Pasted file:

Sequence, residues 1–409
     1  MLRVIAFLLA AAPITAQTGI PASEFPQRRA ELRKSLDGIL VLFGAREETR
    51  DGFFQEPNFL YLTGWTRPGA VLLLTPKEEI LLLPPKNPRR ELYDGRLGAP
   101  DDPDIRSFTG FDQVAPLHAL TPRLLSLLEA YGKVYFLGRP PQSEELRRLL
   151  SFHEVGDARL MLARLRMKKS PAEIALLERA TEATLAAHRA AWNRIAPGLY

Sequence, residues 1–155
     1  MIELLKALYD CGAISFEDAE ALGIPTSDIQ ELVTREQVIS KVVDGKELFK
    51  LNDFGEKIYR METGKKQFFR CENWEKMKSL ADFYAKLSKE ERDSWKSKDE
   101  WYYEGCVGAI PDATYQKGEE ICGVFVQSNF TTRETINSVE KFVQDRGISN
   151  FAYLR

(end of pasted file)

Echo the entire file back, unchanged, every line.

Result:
Sequence, residues 1–409
     1  MLRVIAFLLA AAPITAQTGI PASEFPQRRA ELRKSLDGIL VLFGAREETR
    51  DGFFQEPNFL YLTGWTRPGA VLLLTPKEEI LLLPPKNPRR ELYDGRLGAP
   101  DDPDIRSFTG FDQVAPLHAL TPRLLSLLEA YGKVYFLGRP PQSEELRRLL
   151  SFHEVGDARL MLARLRMKKS PAEIALLERA TEATLAAHRA AWNRIAPGLY

Sequence, residues 1–155
     1  MIELLKALYD CGAISFEDAE ALGIPTSDIQ ELVTREQVIS KVVDGKELFK
    51  LNDFGEKIYR METGKKQFFR CENWEKMKSL ADFYAKLSKE ERDSWKSKDE
   101  WYYEGCVGAI PDATYQKGEE ICGVFVQSNF TTRETINSVE KFVQDRGISN
   151  FAYLR